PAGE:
Yesterday I began the traditional New Year clear-out. You know, the one where you use stealth to remove the toys and games which graced previous Christmas stockings but are no longer deemed fit for play, then take them under cover of darkness to the charity shop?
Anyway, as I rifled my way through the things we no longer need with ruthless efficiency, I came across this. It was rammed inside a plastic bag (bag circa 1987 by the looks of it), its insides spilling out into the once-protective-but-now-essential bag.
This was my mother’s Scrabble. It is the Scrabble board on which I learned the game. The board upon which my mother introduced me to her masterful word-play and grammatical dominance. The place where I came to understand the strategy of triple word scores and the biblical importance of the dictionary.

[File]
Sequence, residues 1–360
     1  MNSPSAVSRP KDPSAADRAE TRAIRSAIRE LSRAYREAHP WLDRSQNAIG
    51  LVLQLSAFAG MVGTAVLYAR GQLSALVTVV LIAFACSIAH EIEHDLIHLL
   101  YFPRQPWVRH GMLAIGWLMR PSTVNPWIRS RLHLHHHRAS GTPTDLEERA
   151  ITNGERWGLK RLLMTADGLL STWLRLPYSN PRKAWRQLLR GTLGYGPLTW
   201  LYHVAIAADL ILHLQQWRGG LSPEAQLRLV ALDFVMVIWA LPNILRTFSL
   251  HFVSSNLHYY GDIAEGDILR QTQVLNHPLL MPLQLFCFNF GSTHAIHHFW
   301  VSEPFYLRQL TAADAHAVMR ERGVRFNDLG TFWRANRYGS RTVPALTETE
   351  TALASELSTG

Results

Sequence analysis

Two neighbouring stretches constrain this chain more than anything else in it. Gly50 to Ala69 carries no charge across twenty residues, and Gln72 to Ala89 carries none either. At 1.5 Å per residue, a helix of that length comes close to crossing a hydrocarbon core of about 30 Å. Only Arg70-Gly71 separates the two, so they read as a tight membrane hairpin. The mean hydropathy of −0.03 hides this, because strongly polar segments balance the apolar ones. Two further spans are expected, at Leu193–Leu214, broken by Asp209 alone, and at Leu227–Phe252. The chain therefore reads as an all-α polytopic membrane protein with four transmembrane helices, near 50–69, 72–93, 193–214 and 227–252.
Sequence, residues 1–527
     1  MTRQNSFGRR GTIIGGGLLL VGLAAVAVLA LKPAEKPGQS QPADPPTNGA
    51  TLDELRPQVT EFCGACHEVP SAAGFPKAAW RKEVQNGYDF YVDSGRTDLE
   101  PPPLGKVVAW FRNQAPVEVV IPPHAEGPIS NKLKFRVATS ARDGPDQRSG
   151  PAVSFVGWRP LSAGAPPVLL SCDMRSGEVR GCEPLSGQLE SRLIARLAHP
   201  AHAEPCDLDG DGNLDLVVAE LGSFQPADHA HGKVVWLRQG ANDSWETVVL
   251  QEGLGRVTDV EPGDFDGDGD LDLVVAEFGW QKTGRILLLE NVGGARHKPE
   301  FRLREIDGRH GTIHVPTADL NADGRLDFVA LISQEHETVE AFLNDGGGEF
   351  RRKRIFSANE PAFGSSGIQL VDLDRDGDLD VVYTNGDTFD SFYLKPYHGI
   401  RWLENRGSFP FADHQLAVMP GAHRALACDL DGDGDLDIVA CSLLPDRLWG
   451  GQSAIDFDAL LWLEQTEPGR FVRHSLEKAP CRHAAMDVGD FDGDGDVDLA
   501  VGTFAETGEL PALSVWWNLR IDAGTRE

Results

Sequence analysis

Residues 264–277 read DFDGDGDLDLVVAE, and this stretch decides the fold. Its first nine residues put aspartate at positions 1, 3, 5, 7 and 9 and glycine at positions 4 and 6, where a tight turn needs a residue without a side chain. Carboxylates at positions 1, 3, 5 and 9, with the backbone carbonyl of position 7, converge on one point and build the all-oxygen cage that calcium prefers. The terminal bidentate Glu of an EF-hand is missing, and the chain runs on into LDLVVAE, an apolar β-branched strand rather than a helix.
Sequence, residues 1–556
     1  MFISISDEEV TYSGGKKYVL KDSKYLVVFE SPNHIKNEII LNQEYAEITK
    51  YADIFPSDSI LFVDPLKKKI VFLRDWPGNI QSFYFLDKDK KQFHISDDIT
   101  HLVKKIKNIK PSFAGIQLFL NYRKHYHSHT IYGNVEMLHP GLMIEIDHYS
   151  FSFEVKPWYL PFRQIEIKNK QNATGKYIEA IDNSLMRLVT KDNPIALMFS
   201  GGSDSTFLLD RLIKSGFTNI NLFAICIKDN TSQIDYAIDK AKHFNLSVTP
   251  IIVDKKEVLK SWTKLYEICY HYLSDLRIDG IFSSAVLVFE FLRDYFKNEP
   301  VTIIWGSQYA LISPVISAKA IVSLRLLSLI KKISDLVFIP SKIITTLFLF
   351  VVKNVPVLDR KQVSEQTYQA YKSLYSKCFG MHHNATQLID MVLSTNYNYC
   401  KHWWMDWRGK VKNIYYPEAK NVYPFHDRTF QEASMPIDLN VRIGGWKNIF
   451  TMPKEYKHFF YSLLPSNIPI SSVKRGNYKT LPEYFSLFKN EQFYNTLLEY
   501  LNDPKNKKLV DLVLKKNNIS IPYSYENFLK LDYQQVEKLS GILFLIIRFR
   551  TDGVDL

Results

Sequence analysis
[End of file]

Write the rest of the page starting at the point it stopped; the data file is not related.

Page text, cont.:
To me, this ridiculous shabby old box, replaceable in a heartbeat, signifies our annual camping holiday and Christmas. Each passing year would bring the same game but a fresh new set of vocabulary and higher score, until eventually I could hold my own against her magnificence.
I placed it in the charity box with a nonchalant shrug. “I really should get rid of this old thing, ” I announced to my husband. He just gave me a look and said “OK, if you want to.”
Today I have taken it out of the bag, photographed it and cried. It’s a keeper.
In some small way, this tatty old board game is the reason I am writing this Blog today. Throw away a piece of my mother? How could I?